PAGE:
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Posted by MeganRoseM
Digital advertising is different nowadays.
How and when we interact with ads online drastically changed in
And for native advertising in particular, ad performance has always relied on the nature of consumer behavior on the sites where they appear. Because they fit the form and function of their sites, their best practices are directly dictated by how we interact with the organic content that surrounds them.
On editorial sites (think news, niche blogs and online magazines), consumer behavior has shifted quite a bit.
People started interacting with content from different devices, at different times, and reacting to different types of campaign creatives. All of this resulted in a new set of best practices for marketers to follow when it comes to running effective native ads.
We’ll walk you through those new best practices and answer the following:
There was a whole lot of uncertainty this past March, and as a result, many companies pumped the advertising breaks. Despite the slowdown, the industry will spend more on native ads in 2020 than they did in 2019, but at a much smaller growth rate.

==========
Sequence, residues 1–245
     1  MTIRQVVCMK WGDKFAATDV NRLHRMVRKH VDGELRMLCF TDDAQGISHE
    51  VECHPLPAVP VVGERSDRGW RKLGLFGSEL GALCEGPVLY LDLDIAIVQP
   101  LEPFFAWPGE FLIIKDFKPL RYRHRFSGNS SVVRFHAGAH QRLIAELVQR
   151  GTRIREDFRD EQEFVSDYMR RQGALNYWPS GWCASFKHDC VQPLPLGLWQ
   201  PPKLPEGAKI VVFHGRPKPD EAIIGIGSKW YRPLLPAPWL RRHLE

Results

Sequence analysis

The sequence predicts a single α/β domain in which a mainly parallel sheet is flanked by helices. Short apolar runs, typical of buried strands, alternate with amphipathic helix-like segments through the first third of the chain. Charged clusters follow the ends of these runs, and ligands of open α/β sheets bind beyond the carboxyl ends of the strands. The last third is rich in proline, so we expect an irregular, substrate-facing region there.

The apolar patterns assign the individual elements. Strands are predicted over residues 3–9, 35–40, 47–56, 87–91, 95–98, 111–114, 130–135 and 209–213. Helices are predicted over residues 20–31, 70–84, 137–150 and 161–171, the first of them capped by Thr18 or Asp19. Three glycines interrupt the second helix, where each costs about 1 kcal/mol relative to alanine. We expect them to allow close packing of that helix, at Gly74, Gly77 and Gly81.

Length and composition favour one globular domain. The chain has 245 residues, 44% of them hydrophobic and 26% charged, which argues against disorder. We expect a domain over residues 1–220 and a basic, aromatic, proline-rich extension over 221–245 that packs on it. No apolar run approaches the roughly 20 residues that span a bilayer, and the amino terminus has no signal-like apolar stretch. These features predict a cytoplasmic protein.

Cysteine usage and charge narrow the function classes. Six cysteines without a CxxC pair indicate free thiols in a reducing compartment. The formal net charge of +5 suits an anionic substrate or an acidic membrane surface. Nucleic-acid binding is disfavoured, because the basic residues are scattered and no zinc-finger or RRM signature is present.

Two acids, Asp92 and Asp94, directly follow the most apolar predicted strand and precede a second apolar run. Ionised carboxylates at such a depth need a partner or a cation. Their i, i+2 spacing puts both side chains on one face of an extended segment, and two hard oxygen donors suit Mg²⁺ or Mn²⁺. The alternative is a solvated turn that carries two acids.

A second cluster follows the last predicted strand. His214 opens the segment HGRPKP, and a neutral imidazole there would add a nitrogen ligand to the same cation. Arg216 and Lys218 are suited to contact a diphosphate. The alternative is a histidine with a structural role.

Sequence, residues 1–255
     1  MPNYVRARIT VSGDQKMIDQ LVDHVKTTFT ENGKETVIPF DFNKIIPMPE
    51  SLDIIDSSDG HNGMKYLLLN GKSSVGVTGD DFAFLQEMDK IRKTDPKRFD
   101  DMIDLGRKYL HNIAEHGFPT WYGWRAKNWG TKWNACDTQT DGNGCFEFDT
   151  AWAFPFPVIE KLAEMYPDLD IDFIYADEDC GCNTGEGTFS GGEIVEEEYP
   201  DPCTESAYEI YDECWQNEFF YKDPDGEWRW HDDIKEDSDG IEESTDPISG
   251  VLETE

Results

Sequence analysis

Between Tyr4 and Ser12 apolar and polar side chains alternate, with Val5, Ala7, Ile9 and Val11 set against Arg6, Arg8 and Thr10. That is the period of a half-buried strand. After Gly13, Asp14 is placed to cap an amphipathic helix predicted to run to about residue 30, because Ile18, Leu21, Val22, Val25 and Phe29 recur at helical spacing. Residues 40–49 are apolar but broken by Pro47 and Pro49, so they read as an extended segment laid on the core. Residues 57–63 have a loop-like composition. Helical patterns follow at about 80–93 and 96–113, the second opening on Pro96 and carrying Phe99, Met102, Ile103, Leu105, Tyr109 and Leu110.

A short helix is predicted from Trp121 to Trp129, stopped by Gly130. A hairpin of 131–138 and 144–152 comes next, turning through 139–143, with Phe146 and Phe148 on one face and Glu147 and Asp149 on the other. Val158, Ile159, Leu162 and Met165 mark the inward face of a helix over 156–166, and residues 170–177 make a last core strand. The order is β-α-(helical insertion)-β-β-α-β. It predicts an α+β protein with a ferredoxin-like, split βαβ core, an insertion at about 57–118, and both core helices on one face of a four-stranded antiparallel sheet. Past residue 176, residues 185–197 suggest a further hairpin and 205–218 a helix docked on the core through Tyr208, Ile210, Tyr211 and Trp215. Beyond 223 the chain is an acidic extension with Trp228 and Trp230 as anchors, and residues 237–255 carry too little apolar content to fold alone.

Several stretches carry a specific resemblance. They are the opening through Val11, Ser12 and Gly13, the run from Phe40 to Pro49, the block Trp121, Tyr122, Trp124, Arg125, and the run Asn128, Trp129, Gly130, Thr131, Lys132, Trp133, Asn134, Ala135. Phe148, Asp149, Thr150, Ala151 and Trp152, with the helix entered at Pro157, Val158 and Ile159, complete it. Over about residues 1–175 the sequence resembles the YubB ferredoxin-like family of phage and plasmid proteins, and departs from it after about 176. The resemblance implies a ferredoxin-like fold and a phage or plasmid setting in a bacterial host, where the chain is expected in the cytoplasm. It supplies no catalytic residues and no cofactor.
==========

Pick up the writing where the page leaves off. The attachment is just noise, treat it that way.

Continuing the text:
According to eMarketer, $47.33 billion will be spent on native ads in 2020 — a 4.8% growth spurt. They expect native ad spend to grow by 21% as digital ad spend recovers next year.
The ads that did run, though, saw a lot of attention. The coronavirus news cycle brought a boom of interest to editorial sites across the web from March to April.
Nieman Lab reported that articles about the pandemic increased overall traffic to 350% week over week, totalling 980 million views.
When the dust settled, it was clear consumer priorities had shifted, and where and when they were spending time on editorial sites did, too.
Editorial sites have the potential to serve native ads in a lot of different places. They can appear as promoted articles on a homepage or category page, as native display ads in the middle of an article, and at the bottom of the article, to name a few examples.
We partnered with Nielsen using BrainVu, a cloud-based neurocognition technology, to measure consumer reactions to ads on the page, meaning we physically measured people’s brain waves as they interacted with ads on editorial sites.
Immersive AI and virtual reality technology (think headgear with a ton of wires attached) measured when and where they were paying the most attention and had the highest emotional response.
We found that consumers were paying 20% more attention to ads at the bottom of the article and had a 17% higher emotional response than anywhere else on the page.
Plus, research participants displayed an 8% lower cognitive load at the end of an article. Basically, they had more “brain space”, or memory resources, to pay attention to new content or ads.
A follow-up study from Nielsen revealed that these moments occurred most often as we were on our way to bed or just waking up, taking a work break, or using the restroom. Lunch breaks, lines, and commutes had been deprioritized.